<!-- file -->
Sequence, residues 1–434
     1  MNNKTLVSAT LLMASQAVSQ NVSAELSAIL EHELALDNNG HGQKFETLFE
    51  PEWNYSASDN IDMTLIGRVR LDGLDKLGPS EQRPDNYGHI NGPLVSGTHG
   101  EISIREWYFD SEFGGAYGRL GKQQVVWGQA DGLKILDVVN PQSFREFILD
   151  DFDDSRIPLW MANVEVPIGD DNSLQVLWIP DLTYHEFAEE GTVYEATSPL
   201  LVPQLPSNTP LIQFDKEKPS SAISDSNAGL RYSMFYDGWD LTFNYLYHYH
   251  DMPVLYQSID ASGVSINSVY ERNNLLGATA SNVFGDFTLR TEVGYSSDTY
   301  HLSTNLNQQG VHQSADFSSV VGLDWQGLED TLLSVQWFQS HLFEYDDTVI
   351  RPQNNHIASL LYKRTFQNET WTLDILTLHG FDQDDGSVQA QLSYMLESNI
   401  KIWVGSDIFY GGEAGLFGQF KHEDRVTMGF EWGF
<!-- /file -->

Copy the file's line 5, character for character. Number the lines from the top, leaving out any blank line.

   151  DFDDSRIPLW MANVEVPIGD DNSLQVLWIP DLTYHEFAEE GTVYEATSPL